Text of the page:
- Published on Tuesday, 10 September 2013 22:47
- Written by Super User
The following are weekly events held at the Katie B. Hines Senior Center: MONDAY: Stronger Senior Exercise at 9:00am. Painting from 11:00am until 2:00pm. Cards at 6:30pm. Tuesday: Caning/ Weaving starting at 9:00am. Bridge at 1:00pm. Wednesday the Center is Closed. THURSDAY: Exercise at 9:00am. Painting from 11:00am until 2:00pm. BINGO at 7:00m. Friday the Center is Closed. Saturday: Cards 6:30pm. New Class Knitting, Crafts, crocheting Tuesdays at 1pm. All levels!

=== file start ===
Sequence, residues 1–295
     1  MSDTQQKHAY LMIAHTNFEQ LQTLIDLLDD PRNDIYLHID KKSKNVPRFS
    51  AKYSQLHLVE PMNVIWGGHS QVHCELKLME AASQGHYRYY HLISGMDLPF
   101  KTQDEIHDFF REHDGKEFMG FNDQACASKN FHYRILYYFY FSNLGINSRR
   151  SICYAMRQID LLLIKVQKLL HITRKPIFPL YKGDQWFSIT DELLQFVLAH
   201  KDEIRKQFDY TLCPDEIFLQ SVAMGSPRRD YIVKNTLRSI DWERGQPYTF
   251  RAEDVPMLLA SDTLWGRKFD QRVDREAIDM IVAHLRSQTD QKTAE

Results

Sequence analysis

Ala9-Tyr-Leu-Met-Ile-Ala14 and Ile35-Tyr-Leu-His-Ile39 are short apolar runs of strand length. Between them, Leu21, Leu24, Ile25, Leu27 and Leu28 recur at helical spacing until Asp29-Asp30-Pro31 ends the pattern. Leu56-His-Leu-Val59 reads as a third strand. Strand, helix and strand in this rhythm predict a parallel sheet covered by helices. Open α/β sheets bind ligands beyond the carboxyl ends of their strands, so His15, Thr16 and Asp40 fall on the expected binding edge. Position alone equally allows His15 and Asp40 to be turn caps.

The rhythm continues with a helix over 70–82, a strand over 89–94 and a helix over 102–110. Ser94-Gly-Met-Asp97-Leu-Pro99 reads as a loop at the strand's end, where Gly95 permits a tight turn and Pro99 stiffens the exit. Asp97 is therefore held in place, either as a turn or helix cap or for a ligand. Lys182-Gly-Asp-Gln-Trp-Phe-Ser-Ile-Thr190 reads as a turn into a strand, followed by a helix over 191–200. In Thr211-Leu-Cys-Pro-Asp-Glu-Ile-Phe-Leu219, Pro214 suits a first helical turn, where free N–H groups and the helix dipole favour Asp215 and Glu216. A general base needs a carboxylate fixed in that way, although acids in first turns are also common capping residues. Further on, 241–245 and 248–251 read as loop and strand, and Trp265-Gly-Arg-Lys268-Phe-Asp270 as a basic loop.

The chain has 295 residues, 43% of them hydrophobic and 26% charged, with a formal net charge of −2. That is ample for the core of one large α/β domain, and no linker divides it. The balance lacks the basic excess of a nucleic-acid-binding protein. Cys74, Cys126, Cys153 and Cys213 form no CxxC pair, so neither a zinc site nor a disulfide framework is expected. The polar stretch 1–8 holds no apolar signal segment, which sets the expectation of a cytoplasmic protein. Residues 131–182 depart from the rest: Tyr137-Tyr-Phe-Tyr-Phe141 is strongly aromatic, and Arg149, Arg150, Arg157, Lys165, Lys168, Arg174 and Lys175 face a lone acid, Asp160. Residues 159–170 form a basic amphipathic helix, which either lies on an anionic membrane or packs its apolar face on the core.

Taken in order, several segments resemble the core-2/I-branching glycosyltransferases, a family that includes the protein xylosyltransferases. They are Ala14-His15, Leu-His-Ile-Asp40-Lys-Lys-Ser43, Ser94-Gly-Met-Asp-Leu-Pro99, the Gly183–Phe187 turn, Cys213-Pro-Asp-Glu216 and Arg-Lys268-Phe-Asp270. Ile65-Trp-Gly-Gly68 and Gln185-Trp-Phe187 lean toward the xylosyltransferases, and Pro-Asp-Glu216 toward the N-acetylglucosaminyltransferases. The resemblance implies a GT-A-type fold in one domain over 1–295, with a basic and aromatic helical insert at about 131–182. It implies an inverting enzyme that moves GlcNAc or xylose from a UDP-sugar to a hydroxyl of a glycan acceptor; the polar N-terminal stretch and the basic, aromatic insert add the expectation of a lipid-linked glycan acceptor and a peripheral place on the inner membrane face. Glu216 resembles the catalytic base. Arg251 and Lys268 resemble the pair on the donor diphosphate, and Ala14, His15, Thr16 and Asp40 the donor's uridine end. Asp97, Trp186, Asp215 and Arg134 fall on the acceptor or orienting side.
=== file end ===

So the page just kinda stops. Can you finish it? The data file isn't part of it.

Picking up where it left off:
• Beginner to advanced oil painting classes given by Raleigh Artist, Marcelle Hooks.Class meets 3rd Saturday monthly at the Senior Center, Cape Fear Blvd, Carolina Beach. For further information contact Coordinator, Cheryl Rice @ 910-471-0563.
Things to Remember: the first Saturday of very month is our Pancake Breakfast.
Menu includes scrambled eggs, sausage, pancakes (all you can eat), coffee and juice all for only $6.00. Children under 7 are free, bring the entire family!
The Katie B. Hines Senior Center is located at 308 Cape Fear Boulevard in Carolina Beach and can be reached by calling (910)458-6609.
Helping Cope with Alzheimer’s